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The new definition of participatory medicine at the Society’s website notes that patients “shift from being mere passengers to responsible drivers of their health, and … providers encourage and value them as full partners.” As with any collaboration, this must include a hefty dose of listening by both parties.

I’ve just returned from an extraordinary week in Minnesota, with visits to several thought-provoking care facilities. The week was all about improvement: I spoke at the Institute for Clinical Systems Improvement and IHI Colloquium, I visited the brand new Frauenshuh Cancer Center where a friend works (wow), and on Saturday toured the Mayo Clinic. I returned with a headful of what’s possible.

Then I found a post on Paul Levy’s blog at my hospital, “Patients will teach us how to be compassionate.” He relates a problem of a chemo patient, a “difficult stick” for the needle people, who asked for the special IV team, who can handle difficult cases. She was told no, and got hurt. Paul asked the team to come up with a better approach. The team will now flag such patients in the system, and he asked them to convene some patients for a further discussion. Please see that post for the full story – it’s shorter than what I wrote in reply:


You are overly kind in saying how much I’ve taught. It’s here at Beth Israel Deaconess that I’ve learned what openness can be, including being open when you’re still failing. (For some slides last week I had occasion to review your earliest posts about central line infections – a BIDMC improvement for which I was grateful when my time came and I received four.)

I applaud the (new?) policy that when a patient requests the special team, staff will comply. And yes, I’m citing “compliance” as a *clinician* issue, tho providers only talk about patient compliance.

(Our mutual friend Linda Kenney, also on this thread, has said that after 26 surgeries she’s always surprised when her hospital’s staff still doesn’t listen to her about how her body’s doing during recovery. And it’s a big famous Boston hospital. Medicine really does need to listen to patients – we’re not as ignorant as some providers seem to think, and we do have a bit of a stake in this!)

Returning to this post, I still hear a pervasive and IMO inexcusable silo problem. “There is no way to coordinate those teams” resonates loudly with silo problems I had during my hospitalizations in 2007. The root cause was that not a single individual anywhere – not even my primary – was responsible for coordinating my care and ensuring that all my “subcontractors” knew what they needed to know, so that appropriate services would be arranged.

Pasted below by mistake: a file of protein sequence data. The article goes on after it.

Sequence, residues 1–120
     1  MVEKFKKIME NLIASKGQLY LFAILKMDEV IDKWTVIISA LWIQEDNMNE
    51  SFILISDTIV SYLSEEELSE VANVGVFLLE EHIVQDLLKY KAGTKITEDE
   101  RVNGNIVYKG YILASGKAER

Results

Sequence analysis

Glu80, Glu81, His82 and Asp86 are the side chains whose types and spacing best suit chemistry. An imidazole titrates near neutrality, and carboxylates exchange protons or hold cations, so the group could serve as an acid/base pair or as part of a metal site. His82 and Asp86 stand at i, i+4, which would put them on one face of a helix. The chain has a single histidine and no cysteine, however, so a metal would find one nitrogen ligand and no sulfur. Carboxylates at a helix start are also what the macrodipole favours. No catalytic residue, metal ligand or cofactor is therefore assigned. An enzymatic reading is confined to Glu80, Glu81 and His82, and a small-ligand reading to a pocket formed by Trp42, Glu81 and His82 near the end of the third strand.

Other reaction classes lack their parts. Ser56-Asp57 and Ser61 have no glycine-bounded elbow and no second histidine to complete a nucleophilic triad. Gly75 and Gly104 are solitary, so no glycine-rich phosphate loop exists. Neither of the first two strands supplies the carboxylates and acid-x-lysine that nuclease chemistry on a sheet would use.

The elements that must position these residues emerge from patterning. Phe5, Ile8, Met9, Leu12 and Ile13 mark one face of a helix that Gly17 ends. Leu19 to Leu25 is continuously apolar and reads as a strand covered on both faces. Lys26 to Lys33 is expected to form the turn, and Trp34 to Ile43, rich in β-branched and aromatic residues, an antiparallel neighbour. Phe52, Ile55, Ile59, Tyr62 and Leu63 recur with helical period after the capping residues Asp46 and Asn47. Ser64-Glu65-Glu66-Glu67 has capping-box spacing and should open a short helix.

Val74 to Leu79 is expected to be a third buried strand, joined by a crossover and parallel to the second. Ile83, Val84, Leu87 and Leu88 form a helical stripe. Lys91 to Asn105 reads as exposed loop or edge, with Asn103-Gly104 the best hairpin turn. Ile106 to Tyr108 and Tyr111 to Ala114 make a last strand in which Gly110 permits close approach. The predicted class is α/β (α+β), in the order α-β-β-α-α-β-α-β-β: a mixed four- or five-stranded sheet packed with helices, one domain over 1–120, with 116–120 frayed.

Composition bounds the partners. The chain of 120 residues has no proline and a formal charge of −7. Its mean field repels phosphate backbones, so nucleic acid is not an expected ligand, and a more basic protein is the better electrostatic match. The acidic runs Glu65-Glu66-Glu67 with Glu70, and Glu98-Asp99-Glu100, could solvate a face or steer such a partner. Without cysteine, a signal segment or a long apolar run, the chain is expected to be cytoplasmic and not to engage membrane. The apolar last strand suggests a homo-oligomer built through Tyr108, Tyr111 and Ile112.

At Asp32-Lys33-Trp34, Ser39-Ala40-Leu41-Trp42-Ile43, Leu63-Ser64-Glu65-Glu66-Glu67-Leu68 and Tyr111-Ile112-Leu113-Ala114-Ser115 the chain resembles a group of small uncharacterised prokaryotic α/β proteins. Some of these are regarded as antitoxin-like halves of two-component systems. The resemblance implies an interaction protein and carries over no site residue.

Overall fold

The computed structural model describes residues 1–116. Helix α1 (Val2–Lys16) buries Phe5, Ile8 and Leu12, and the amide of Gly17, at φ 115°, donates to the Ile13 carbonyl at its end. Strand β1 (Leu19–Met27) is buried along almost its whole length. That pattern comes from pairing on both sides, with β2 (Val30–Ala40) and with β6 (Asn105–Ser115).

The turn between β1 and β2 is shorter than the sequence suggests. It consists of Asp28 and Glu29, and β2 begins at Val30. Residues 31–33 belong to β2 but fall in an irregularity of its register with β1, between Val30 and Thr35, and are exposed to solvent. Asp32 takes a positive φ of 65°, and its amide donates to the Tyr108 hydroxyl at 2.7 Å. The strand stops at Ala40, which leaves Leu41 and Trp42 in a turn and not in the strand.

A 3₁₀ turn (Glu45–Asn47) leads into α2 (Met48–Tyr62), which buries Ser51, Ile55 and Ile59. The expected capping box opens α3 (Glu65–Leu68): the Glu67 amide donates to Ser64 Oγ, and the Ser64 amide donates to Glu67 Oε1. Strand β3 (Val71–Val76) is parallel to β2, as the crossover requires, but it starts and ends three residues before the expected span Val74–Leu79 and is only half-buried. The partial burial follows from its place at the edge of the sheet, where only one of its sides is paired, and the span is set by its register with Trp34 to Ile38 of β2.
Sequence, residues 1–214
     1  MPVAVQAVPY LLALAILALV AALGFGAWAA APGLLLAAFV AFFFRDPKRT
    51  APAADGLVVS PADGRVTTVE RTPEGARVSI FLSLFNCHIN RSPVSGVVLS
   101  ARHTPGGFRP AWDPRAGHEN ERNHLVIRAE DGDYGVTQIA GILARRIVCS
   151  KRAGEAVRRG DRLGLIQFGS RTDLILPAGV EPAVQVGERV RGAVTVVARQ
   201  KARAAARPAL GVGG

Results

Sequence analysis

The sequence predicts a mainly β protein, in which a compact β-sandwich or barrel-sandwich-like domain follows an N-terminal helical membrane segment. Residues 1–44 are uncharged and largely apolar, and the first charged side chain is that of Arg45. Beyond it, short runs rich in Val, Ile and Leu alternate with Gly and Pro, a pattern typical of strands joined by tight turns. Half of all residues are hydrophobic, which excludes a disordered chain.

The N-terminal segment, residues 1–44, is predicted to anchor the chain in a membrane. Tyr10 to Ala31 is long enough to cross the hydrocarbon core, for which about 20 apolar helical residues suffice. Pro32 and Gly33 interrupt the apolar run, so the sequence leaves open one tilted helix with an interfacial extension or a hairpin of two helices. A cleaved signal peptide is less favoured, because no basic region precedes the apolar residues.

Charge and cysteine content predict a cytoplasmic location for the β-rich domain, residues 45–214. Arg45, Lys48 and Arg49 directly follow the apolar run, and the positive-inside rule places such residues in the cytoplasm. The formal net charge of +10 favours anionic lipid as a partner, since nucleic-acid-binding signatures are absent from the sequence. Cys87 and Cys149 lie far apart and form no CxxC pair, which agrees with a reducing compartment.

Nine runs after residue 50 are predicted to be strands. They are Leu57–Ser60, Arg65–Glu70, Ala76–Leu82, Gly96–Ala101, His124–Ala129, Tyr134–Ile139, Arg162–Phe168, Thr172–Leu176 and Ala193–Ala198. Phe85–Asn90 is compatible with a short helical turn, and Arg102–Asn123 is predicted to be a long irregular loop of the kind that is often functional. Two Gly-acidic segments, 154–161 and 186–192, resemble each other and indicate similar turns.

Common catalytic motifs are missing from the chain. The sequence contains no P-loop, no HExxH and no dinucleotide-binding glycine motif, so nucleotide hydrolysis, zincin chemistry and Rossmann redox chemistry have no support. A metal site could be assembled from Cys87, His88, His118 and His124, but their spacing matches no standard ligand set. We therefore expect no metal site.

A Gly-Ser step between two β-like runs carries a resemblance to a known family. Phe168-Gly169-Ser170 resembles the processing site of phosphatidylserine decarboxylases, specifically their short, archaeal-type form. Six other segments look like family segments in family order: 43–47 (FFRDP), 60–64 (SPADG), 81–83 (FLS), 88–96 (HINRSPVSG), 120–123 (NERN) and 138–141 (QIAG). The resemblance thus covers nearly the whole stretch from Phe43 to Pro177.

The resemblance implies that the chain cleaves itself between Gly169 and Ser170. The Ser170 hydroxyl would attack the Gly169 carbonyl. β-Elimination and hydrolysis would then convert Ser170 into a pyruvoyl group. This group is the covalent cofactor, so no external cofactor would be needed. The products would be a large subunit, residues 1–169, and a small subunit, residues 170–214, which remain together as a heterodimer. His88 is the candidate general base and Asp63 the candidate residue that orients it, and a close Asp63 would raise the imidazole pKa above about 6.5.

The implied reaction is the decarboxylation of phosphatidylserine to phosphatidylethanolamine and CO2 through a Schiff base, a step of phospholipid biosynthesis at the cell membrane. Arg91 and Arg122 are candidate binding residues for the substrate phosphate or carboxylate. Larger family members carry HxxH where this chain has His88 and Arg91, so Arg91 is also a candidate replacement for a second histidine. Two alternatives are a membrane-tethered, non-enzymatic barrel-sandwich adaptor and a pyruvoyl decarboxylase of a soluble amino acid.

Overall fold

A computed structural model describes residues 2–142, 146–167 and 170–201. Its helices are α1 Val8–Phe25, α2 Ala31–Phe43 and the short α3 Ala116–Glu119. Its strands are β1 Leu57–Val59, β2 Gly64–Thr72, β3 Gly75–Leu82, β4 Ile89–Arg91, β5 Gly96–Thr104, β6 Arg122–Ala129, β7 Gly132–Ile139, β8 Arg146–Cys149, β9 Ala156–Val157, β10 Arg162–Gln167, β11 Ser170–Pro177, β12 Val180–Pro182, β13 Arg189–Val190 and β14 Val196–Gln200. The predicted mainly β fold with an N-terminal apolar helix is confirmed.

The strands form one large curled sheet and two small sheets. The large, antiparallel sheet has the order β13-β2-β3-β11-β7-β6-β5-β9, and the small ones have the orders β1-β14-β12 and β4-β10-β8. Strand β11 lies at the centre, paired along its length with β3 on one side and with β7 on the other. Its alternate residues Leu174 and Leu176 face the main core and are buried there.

Since nobody was responsible for coordination, any lack of coordination was not a failure in anyone’s world.

Numerous times during my case, I’d get a call or an in-patient visit from a worker asking or telling me to do something who obviously had no clue about my complex case; he or she was only doing his or her job, and was unaware that her instructions could do me harm. Two were people who didn’t know my leg was in the process of breaking due to a bone met, so they gave me instructions that could have been harmful.

More than once as I discussed this with clinicians, they reflected that there’s no billing code for care coordination – which brings us back to Amy Ship’s “no billing code for compassion.” Yet none of these good people felt that they needed to do anything about it! (Or could, perhaps.)

Another example, non-medical but patient-centered, is coordination of multiple appointments. At that time I was seeing my urologist, oncologist, and orthopedist. I asked if I couldn’t get a set of appointments on the same day, so it was only one trip to the hospital. The good people talking to me sounded like I was a little crazy to think such a thing was possible.

I’ve since learned that Lahey Clinic has people who do exactly that; apparently they’ve rearranged clinical hours to make this feasible. Imagine: doctors rearranged things to be more available in patients’ lives!

Yes, if you gather some “frequent flyer” patient families and ask what would make their lives better, you’ll get some invaluable input – and at no cost except the price of listening. And maybe some mileage and fresh fruit… btw, please quit serving us cookies and cake at health events! :0)

Also, non-frequent-flyer patients will give you different inputs on the “new customer” experience, which is pretty important too as someone enters their first scary hospital experience.

Finally, once this “difficult stick” flag is established, please standardize a process of telling the patient/caregiver the flag exists, how the staff uses it, and that they should always check with the worker to ensure the flag is currently correct in the system. That’s empowering; it enables the patient to influence how things go.

I’ll tell you firsthand, that by itself gives a patient a helpful sense of having some control over things. The WORST thing for a desperate patient is to speak up, asking hospital staff for what we need, and be told it’s not possible.

As I say, that comment was longer than the original post.  That’s because after a week of talking with and listening to hundreds of clinicians who DO have improvement in their minds, it’s clearer than ever that real patient-centered thinking and care processes are entirely within reach.

I was especially wowed by the new chemo rooms at Frauenshuh – you get a private room, with a recliner than elevates to an examining table so you don’t have to get up and move around, a soothing garden outside most rooms, computer in the room, etc., so you can settle in as providers come to you – you don’t go to them. I told my friend Peggy Weber, “This is like a chemo spa!”

It can be done.

So indeed, I’m starting to hear the word “compliance” from a different perspective: the patient’s.